- Anne Secord
Thomas Edward (1814–1886)
Edward, Thomas (1814–1886), naturalist and shoemaker, was born on 25 December 1814 at Gosport, Hampshire, one of several children of John Edward, Fife militiaman and weaver, and Margaret Mitchell of Aberdeen. His early years were spent at Kettle, Fife, and at Aberdeen. From childhood he was passionately fond of animals, bringing home so many ‘beasties’ that he was frequently flogged and confined to the house. Utterly unmanageable, by the age of six he had been expelled from three schools because of his zoological pursuits and truancy. Abandoning school, he found employment at 14d. a week in an Aberdeen tobacco factory where his older brother worked. Two years later both boys were hired at a factory at Grandholm. Edward's walks to and from work gave further scope for natural history and this was one of the happiest times of his life. When the boy was eleven his father apprenticed him to a shoemaker in Aberdeen for six years, but Edward ran away after three because of his master's cruelty. He then worked for another cobbler but decline in trade led him to join the Aberdeenshire militia in 1831. Here he narrowly escaped punishment for leaving the ranks to chase a butterfly. Reluctant to return to shoemaking, he enlisted with the 60th rifles, but his mother's opposition led him to abandon the military. Instead, he assisted his father as beadle in North Church, King Street, Aberdeen. Edward sustained his natural history interests during this time by making a wild botanical garden, buying the Penny Magazine, and studying stuffed birds he saw in shop windows, and animal illustrations on bookstalls.
From 1834 Edward was employed as a shoemaker in Banff. Trade was bad and he considered emigration to America until he met and married Sophia Reid in 1837. They raised ten daughters and one son, the latter becoming a minister in the Scottish church. Although Edward earned less than 10s. a week, on his marriage he rented a house and for the first time had a place to keep specimens. Without friends, books, or a knowledge of scientific names, Edward developed his knowledge from direct observation, all God's creation having a 'fascinating charm' for him (Cash, 181). Edward was sober, regularly attended church, and was not a Sabbath-breaker. Night was his only free time and from 1840 to 1855 he observed nocturnal creatures, sleeping only a couple of hours outdoors at the darkest time. He thus became acquainted with the sounds and movements of wild animals and always observed before killing. His knowledge sometimes resulted from terrifying encounters, one with a polecat lasting two hours. Edward stuffed and arranged his specimens in cases he built himself, but suffered losses. Nearly a thousand labelled insects were eaten by vermin and his dried plants were spoiled by cats.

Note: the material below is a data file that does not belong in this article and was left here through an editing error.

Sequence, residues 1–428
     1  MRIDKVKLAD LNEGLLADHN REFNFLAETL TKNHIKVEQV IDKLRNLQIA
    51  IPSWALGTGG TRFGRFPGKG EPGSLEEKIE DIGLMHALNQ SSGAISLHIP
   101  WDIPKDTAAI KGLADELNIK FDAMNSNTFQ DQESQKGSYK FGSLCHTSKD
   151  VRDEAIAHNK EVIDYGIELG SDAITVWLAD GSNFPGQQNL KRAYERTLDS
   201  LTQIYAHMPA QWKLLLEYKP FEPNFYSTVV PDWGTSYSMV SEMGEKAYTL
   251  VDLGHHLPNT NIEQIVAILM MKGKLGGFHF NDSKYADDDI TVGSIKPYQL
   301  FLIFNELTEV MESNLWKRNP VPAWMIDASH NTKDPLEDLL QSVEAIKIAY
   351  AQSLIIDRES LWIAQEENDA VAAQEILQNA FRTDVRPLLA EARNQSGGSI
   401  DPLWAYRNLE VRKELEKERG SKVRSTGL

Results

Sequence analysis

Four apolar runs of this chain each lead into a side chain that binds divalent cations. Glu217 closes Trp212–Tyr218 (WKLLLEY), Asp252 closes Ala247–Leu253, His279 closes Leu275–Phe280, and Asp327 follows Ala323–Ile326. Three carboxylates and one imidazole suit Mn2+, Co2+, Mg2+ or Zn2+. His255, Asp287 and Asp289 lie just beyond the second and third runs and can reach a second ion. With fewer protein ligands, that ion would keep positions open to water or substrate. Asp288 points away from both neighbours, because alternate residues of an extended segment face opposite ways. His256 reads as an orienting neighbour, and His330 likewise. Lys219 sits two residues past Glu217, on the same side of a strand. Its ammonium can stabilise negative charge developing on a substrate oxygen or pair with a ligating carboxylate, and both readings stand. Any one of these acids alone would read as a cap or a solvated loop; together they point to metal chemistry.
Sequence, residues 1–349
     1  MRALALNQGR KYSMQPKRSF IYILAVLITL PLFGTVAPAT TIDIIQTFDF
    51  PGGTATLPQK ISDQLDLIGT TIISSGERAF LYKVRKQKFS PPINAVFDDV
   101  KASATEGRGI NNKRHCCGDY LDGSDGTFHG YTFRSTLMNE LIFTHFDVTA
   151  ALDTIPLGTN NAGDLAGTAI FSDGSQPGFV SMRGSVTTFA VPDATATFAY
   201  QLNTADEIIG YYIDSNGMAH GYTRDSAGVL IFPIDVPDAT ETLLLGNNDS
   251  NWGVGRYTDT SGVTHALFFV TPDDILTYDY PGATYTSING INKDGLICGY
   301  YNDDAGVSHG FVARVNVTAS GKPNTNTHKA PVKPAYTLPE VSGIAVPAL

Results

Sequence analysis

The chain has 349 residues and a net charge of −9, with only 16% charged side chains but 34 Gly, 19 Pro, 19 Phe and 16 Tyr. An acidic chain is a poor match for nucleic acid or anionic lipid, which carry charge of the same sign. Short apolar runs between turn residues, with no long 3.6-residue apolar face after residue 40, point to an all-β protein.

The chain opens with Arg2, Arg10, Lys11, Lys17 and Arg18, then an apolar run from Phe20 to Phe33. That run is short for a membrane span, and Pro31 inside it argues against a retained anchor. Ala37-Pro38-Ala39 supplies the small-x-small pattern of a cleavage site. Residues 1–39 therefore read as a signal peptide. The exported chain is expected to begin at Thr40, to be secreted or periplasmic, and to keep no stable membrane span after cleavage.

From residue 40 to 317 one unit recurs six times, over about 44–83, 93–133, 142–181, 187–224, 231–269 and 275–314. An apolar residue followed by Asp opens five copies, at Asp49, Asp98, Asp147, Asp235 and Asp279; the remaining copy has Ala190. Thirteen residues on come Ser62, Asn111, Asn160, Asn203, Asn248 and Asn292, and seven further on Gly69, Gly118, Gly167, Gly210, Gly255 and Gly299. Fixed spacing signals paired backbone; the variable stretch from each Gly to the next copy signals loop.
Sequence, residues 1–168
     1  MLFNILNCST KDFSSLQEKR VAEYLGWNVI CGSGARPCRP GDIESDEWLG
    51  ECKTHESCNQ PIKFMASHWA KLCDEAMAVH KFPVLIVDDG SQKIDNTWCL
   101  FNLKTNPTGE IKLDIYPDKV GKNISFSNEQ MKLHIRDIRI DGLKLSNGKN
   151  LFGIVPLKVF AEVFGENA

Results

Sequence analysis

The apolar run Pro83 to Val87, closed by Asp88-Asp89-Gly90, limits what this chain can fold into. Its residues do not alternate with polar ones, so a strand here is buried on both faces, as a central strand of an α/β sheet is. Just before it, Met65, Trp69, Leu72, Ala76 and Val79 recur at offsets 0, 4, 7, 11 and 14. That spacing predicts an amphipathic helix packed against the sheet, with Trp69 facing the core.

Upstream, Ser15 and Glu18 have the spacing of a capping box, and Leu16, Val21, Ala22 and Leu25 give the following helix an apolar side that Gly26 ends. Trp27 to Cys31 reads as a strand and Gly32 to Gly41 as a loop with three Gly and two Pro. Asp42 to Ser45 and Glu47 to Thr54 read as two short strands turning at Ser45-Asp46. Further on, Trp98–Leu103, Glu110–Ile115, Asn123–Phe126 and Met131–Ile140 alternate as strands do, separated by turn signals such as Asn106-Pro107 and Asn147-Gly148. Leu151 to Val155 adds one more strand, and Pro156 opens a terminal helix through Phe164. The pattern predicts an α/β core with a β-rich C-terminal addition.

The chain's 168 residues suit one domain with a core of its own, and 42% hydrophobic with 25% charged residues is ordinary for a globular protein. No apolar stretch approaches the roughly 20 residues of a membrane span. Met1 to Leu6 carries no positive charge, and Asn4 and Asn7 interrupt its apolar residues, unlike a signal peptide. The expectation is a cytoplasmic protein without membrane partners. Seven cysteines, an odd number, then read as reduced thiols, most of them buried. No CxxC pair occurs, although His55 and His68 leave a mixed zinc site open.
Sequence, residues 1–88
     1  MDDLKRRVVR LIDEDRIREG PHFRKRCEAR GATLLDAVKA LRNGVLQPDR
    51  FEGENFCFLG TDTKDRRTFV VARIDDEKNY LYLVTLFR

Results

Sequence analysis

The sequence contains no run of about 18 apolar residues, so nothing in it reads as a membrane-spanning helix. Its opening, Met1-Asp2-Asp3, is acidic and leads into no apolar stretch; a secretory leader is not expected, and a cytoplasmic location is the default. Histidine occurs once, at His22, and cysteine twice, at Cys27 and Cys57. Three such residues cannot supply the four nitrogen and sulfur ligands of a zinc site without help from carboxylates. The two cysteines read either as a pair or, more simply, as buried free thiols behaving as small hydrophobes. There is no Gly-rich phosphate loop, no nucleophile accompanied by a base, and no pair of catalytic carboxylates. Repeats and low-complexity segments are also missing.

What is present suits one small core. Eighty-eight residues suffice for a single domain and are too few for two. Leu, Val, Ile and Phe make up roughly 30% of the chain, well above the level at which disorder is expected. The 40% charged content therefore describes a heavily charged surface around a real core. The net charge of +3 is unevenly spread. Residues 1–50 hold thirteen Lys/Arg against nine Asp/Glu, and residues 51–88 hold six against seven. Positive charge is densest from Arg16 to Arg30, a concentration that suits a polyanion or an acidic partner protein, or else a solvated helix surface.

By 1845, however, Edward possessed nearly 2000 specimens and, hoping to make money, he exhibited them at the Banff fair in 1845 and 1846. His success inspired him to exhibit in Aberdeen in August 1846 in the hope that he could devote himself solely to natural history, but the exhibition failed miserably, few believing he had made the collection unaided. In debt, with a wife and five children, Edward decided to commit suicide by drowning, but an unknown bird on the beach excited his curiosity and drew his attention away from killing himself. Instead, he sold his collection, but he returned penniless to Banff, where he recommenced shoemaking.
Although Edward resolved to abandon natural history and stick to his trade, by 1847 he had resumed nocturnal collecting. He was encouraged by his wife, who was paid for cobbling work on her own account and often purchased collecting bottles for Edward. In 1850, in order to avoid being thought a poacher when collecting with a gun, he obtained a certificate signed by sixteen magistrates testifying to his interest in natural history and good character. However, disregard for his body, and a severe fall on rocks, made him unable to work for a month and forced the sale of his second collection.